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Pin wash issues on 1/48 F-18

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  • Member since
    September, 2017
Pin wash issues on 1/48 F-18
Posted by MrDave on Monday, May 28, 2018 5:14 PM

I have watched numerous YouTube vids on how to pin wash panel lines. I am using MIg black pigment, thinned with mineral spirits applied with a "000" brush. The fin has a gloss coat.

When I use a cotton bud lightly moistened with mineral spirits with a very light touch, the wash still smears over the panels.  I have a hard time removing the wash where I don't want it without removing the wash from the lines and "rivets" where I do want it.

Anyone have any suggestions as this is my second attempt with same results.  I must be doing something wrong.

Thanks.

Thanks.
In Him
Mr. Dave

  • Member since
    July, 2004
  • From: Sunny So. Cal... The OC
Posted by stikpusher on Monday, May 28, 2018 5:17 PM

I prefer using a moistened red sable paint brush for my wash clean up. I’ve never used cotton swabs.

 

F is for FIRE, That burns down the whole town!

U is for URANIUM... BOMBS!

N is for NO SURVIVORS...

       - Plankton

LSM

 

  • Member since
    November, 2009
  • From: Twin Cities of Minnesota
Posted by Don Stauffer on Tuesday, May 29, 2018 9:02 AM

Use a smaller tool to apply it.  The tool must not be much larger than the width of the groove you are applying it to.

Pin washes must be used with recessed lines, not raised ones, and the surface tension and wetting ability must match the finish you are applying it over.

 

Don Stauffer in Minnesota

  • Member since
    August, 2017
Posted by laskdjn on Tuesday, May 29, 2018 11:33 AM

How long do you let it dry?

  • Member since
    November, 2009
  • From: Twin Cities of Minnesota
Posted by Don Stauffer on Wednesday, May 30, 2018 9:26 AM

laskdjn

How long do you let it dry?

 

I have never used the Mig pigments (I just use enamel paint), so I cannot really say too much.  However, for my enamel washes I thin them with mineral spirits.  Enamel paints are notoriously slow drying, but the thinner evaporates in a few hours.  Since the wash stays down in the groove, I find it is pretty easy to handle the model, and procede to other weathering in other areas once the thinner is gone.  I don't apply anything over the pinwash areas until a day later, however.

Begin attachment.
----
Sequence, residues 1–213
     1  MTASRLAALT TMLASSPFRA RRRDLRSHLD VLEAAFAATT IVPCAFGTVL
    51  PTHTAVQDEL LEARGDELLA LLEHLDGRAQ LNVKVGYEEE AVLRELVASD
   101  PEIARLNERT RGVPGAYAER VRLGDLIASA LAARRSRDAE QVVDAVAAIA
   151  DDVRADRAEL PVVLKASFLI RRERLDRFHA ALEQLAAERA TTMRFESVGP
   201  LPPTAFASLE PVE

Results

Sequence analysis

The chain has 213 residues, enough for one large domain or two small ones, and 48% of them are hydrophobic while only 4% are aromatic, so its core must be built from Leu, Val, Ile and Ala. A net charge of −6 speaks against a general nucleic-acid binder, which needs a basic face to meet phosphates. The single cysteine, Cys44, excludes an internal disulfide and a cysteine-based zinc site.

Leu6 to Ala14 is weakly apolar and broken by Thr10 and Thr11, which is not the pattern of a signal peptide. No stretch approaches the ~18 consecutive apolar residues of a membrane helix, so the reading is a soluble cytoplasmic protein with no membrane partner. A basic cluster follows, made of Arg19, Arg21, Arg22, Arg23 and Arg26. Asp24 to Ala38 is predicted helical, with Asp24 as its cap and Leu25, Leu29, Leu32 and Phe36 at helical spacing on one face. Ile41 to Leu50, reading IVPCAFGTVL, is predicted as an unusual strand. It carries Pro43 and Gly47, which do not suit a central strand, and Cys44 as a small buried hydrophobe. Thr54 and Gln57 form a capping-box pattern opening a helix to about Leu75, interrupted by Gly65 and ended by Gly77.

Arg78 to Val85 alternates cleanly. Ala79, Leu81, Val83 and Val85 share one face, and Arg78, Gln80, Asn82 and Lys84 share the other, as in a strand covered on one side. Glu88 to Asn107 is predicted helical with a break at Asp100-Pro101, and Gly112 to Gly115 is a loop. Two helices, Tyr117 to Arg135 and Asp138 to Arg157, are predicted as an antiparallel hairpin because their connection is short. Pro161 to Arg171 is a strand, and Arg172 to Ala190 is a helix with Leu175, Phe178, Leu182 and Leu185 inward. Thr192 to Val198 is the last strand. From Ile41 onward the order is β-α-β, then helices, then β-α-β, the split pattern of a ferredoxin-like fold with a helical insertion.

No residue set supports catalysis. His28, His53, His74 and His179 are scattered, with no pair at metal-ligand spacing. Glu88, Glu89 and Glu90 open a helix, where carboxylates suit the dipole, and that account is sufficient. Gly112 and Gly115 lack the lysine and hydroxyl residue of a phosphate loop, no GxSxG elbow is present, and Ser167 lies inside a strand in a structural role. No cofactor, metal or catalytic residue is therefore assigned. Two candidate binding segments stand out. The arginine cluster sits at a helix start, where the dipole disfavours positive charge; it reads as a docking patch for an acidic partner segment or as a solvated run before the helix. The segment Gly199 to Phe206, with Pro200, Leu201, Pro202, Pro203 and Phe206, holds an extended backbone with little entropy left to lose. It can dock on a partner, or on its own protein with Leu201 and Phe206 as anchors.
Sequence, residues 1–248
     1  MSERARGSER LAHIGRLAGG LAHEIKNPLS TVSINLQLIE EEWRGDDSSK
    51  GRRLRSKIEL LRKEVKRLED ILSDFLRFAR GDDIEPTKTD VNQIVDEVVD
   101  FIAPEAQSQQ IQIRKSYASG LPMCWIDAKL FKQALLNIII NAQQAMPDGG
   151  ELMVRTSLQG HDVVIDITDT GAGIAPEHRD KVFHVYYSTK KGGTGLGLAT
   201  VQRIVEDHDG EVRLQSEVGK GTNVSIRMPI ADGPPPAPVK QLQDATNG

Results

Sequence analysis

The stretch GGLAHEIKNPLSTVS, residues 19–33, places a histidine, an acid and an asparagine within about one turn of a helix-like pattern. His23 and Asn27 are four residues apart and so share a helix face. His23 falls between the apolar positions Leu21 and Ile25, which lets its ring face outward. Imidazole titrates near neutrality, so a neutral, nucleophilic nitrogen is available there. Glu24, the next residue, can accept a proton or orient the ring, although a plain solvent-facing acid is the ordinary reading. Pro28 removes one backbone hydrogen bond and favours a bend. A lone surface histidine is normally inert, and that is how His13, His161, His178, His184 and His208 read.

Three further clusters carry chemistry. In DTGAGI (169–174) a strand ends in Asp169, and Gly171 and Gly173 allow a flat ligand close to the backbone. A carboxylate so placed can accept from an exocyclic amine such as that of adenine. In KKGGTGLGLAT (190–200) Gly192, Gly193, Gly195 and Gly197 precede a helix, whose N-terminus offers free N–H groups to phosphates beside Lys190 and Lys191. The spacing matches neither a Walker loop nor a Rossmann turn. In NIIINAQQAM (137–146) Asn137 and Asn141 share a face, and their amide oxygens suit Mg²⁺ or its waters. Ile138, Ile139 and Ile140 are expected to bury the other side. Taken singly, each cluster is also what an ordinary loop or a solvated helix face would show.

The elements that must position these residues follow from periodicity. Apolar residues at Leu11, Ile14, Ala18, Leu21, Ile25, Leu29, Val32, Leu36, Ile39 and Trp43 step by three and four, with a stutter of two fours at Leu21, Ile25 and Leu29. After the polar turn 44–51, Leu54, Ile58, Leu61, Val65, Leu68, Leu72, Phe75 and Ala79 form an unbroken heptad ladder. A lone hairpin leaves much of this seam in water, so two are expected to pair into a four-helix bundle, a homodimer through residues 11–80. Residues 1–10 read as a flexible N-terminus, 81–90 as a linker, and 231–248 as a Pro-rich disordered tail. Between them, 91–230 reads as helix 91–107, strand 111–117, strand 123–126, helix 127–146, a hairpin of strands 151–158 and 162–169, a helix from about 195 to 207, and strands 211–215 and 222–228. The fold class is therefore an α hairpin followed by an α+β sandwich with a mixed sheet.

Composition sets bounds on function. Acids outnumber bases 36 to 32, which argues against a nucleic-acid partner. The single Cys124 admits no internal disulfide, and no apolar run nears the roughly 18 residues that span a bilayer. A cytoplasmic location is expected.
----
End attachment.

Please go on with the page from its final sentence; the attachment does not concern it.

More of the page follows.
Don Stauffer in Minnesota

  • Member since
    August, 2017
Posted by laskdjn on Wednesday, May 30, 2018 2:49 PM

Sorry, Don, that was meant for the original poster.  When I first started doing washes I models, I didn't let them dry enough before wiping and had the exact same problems as him, now I wait a little longer and the washes come out beautifully.

  • Member since
    September, 2017
Posted by MrDave on Wednesday, May 30, 2018 3:35 PM

Thanks Don for your suggestion.  I use a "000" brush which has a sharp point which does a good job on the panel lines.  However, I do have to "paint" over the recessed divits to bring them out.

Thanks.
In Him
Mr. Dave

  • Member since
    September, 2017
Posted by MrDave on Wednesday, May 30, 2018 3:38 PM

From what you are suggesting, drying time might be an issue.  The surface looks flat which seemed to me to mean it was dry.   I have had to let a "test" surface dry several days being out of town for work.

We'll see what happens.  Thanks.

Thanks.
In Him
Mr. Dave

  • Member since
    July, 2004
  • From: Sunny So. Cal... The OC
Posted by stikpusher on Wednesday, May 30, 2018 4:35 PM

Oils give you lots of time to work with. They are slow drying and even slower to fully cure afterwards. I’ve gone and cleaned up oil washes several days after applying them with no difficulties. Enamels give you several hours, while acrylics are quite difficult to clean up as pin washes within a few minutes.

 

F is for FIRE, That burns down the whole town!

U is for URANIUM... BOMBS!

N is for NO SURVIVORS...

       - Plankton

LSM

 

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